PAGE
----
About Malaga

Last updated on 21 Nov 2022

The Spanish province of Malaga is probably best known for its extremely popular tourist area of Costa del Sol, a coast string of resorts on the Mediterranean Sea, however it is only a part of an amazingly beautiful and diverse province which has much more to offer, from a vibrant multicultural city of Malaga to much less developed rural villages in the middle of large green valleys and rugged mountain ranges.

Malaga is one of the eight provinces of the Autonomous Spanish community of Andalusia. The province itself is divided into six comarcas (regions) which are: Metropolitan area of Malaga, Costa del Sol Occidental, Guadalhorce Valley, La Axarquia, Serrania de Ronda and Comarca de Antequera. Within those regions there are in total 101 municipalities.

The city of Malaga, the second largest in the Andalusia, had been in the past often ignored by the tourists heading directly to the Costa del Sol resorts, but the city has been revitalised and become extremely popular. Its vibrancy, diversity and style combined with fantastic offer of museums, beaches, shops and restaurants have earned Malaga the reputation of one of Europe’s best cities to visit and live in.

The tourist-driven Costa del Sol comprising of coastal towns and resorts remains one of the most popular destination for visitors all over the world and is the area with the largest concentration of expats in the province of Malaga. It benefits from a marvellous Mediterranean climate with warm summers and mild winters and offers great variety both as a tourist destination and a place of permanent residence in Spain.

If you wish to stay away from razzle-dazzle of tourist resorts, but still close enough to the sea and the vibrant city of Malaga, the area of Guadalhorce valley might be the perfect choice for settling down in Malaga. Located a bit inland but just in between Malaga city and the Costa del Sol it offers both a convenient location and a typical Andalusian way of life. Further inland are pueblos blancos (white towns) with such beautiful historical towns as Ronda or Antequera.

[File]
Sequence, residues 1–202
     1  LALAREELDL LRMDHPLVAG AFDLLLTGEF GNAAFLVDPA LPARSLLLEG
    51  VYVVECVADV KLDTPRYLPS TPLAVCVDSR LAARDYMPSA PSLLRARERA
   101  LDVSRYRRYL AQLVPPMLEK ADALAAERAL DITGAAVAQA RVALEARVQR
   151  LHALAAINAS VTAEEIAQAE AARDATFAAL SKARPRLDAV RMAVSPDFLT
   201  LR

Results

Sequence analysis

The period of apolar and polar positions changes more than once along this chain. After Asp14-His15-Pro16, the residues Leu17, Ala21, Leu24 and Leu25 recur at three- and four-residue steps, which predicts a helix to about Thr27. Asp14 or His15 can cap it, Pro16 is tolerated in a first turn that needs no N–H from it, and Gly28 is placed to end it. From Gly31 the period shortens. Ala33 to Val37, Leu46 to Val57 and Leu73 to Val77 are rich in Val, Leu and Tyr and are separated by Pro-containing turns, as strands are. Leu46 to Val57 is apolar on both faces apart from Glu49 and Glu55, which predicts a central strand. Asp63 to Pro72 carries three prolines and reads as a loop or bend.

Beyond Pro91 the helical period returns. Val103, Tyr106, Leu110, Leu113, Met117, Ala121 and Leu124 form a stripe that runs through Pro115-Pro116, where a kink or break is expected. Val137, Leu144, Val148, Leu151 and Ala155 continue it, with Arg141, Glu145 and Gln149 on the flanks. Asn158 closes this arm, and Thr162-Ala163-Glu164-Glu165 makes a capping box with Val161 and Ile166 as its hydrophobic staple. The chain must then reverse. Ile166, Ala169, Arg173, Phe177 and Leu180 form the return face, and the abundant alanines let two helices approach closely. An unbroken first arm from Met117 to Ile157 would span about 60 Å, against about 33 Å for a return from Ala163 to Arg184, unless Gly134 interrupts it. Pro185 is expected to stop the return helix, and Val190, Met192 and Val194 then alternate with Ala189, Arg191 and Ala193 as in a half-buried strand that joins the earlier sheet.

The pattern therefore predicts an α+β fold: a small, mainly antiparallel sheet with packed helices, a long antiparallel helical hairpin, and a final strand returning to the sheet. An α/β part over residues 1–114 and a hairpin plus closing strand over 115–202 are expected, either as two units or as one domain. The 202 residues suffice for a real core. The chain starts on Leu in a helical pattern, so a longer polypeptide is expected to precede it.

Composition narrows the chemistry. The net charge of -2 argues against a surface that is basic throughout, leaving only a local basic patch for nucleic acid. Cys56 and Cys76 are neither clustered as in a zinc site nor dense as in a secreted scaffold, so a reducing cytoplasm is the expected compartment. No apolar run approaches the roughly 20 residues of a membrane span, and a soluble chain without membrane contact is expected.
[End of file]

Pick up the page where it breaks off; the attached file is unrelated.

Each region of the Malaga province offers diversity and fascinating landscapes, from sandy beaches and rocks of the Costa del Sol to large green valleys of the Guadalhorce Valley and breath-taking mountains of La Axarquia. Equally good is the infrastructure of the province with a selection of nurseries and schools, both municipal and private, international schools, the University of Malaga. The Spanish health system is praised by many and is one of the best in Europe with advanced state-owned hospitals and medical facilities in almost every little village. Living in Malaga you also enjoy fantastic transportation links and are within a few hours’ drive to such beautiful cities as Seville, Granada and Cordoba, while Madrid and Barcelona can be reached by fast train in a matter of hours.

Convenient geographical location on Europe's beautiful Mediterranean coast, mild warm climate, natural diversity, fantastic infrastructure and the quality of life is what makes the Andalusian province of Malaga such an attractive place for thousands of expats choosing to move and settle down in this beautiful part of Spain.

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